Dad died suddenly and unexpectedly at the age of 71. It tore my heart out to lose him like that. I think about him every day and miss all kinds of different things about him. We spent a lot of time together, so not having him around is strange. That space he filled in my life, which was a pretty big one, is still empty. Nothing else and no one else has seeped in to fill in any of that gap. It’s still a hole. But, again, thanks to the passing of time, it’s a hole that generally doesn’t leave me gasping and crying about anymore. It’s one I notice and think about; the hole now reminds me of all that used to fill it. I just think about all the things we did together, all we had in common, and all we would talk about.

As a mother, I understand pretty well how my mom felt years ago when she was a stay-at-home mom to three kids. I know exactly why she had to get us out of the house sometimes to JUST BE ALONE, for crying out loud. But what’s funny now is that because she sent my dad out with us kids to give her some quiet time, I now have all kinds of great memories of spending time with Dad. In her efforts to get us out of her hair, she gave us a gift.

Dad took us all kinds of places. We never lived in any big towns, mainly rural areas, so there probably wasn’t a lot to choose from in the way of cool ready-made activities, but my dad found the seeds of treasured memories. He took us to a nature preserve we just called “the deer park,” near Penn State’s Beaver Stadium.

My dad took this picture of me and my little sister at the “deer farm” during one of our many trips there.

It was this wonderful wooded area that had a large fenced-off area within the trees that was dotted with deer. Mom would give us some supplies from our food storage, and off we’d go to stick our hands inside the fence and feed the deer some dried corn or wheat or something. We’d feel the roughness of their tongues as they licked the food right off our palms. In my memory, the area seemed quite large; walking around the whole perimeter was a long distance. There’s no telling how big it really was, but it still seems vast to me inside my head.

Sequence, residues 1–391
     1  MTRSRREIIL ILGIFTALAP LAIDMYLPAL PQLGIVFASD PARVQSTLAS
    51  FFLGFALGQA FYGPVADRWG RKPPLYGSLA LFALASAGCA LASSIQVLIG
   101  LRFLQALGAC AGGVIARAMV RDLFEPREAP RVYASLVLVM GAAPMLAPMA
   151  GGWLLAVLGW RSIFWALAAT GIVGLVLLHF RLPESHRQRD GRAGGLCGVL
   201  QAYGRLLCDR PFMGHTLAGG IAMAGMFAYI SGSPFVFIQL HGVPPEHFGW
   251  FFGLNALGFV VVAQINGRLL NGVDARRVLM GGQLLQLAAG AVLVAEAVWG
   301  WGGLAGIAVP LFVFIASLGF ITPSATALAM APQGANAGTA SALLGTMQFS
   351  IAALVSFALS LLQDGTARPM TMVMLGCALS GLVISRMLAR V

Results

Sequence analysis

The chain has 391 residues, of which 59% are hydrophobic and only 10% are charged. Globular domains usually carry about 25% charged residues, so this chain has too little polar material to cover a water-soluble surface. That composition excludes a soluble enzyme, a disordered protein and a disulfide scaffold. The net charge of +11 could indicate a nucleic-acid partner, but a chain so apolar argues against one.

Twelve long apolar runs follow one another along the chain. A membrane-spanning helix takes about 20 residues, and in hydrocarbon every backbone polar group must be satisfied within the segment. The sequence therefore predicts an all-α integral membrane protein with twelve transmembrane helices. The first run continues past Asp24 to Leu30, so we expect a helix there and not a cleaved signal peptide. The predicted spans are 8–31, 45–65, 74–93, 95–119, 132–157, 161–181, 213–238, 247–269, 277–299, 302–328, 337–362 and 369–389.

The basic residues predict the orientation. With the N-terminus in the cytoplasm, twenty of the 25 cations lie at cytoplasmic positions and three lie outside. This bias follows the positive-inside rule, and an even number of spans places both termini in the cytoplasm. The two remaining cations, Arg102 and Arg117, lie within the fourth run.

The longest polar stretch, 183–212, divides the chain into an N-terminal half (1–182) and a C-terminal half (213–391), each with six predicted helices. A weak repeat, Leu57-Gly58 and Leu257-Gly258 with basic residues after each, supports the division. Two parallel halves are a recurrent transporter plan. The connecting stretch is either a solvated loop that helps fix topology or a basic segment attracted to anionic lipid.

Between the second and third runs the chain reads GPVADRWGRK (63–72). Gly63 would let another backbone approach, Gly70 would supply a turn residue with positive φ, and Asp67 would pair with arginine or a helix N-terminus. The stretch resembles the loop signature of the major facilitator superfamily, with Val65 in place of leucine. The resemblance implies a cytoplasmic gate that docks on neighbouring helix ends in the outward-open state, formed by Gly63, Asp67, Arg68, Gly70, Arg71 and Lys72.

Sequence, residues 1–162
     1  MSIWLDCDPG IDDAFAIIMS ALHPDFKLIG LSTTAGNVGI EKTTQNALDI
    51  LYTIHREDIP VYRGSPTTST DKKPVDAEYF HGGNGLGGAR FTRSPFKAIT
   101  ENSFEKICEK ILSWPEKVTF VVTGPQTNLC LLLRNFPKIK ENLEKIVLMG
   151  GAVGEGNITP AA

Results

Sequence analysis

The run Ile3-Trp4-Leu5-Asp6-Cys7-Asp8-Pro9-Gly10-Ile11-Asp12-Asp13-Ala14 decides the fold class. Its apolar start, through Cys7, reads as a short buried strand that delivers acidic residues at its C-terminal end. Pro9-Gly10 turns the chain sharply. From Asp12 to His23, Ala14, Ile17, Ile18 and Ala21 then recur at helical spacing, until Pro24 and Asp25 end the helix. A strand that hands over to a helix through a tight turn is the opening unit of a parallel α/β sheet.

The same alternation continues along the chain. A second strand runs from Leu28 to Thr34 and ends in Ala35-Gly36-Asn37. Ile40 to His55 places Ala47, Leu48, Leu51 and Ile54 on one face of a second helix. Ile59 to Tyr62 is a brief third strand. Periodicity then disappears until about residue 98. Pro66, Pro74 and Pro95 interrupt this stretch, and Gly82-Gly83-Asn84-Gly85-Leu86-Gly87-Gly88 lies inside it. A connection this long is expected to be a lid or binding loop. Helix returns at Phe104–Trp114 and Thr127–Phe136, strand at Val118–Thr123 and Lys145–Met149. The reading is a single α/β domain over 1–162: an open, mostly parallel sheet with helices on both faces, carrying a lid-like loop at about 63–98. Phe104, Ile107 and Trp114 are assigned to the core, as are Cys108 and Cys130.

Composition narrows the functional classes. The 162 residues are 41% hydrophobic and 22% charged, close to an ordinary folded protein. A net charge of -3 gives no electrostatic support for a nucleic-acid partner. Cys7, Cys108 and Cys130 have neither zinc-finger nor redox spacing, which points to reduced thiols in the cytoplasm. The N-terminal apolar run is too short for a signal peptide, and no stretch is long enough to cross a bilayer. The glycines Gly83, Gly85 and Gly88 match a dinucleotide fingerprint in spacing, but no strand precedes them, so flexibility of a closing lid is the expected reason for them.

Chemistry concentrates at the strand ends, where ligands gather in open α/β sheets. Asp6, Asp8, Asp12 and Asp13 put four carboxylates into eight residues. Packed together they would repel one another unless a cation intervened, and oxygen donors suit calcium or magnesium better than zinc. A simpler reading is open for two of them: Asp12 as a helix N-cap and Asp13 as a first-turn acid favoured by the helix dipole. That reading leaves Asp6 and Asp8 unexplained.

Dad also took us to little local museums and to parks and creeks. On one trip to a creek, he took some photos that document forever how he put my little sister’s bikini top on upside down. He took lots of photos, which he developed as slides. So we don’t have family albums; we have boxes full of slide trays. I even have good memories of sitting with our family in the quiet and dark of an evening watching the slides. I can hear the whir of the fan on the old slide projector and smell its mechanical smell as I think about it now, even.

All those rural areas gave us so many places to roam and play. We lived in Pennsylvania, where there was plenty of snow. Dad would take us sledding, steering us on our big Flexible Flyer down hills packed with snow. It was wonderful. We would also go on walks, hiking around through the woods and lanes where we lived on farms, observing and talking. He took pictures of those times, too.

Dad took this picture of me on a path near where we lived in rural Pennsylvania. I loved it there. Dad was very pleased with how this photo turned out. I like it too, except for 1) he’s not in it too and 2) my hair is hideously chopped off. Ah, well.

I could go on and on about all the memories I have of Dad, but it would take up a book, and it would probably bore you. What’s important is that I have memories to treasure. Now that he’s gone and I won’t see him for a while, I can pick those little gems out of my mind and browse them at my leisure, keeping myself company with what we had together while I wait to see him again. It’s Father’s Day today, and I remember him and honor his memory. But every single day he’s gone is just another opportunity for me to think back, to treasure those memories, and to thank him within myself for what he left behind. And Mom, thanks for making him leave the house with us.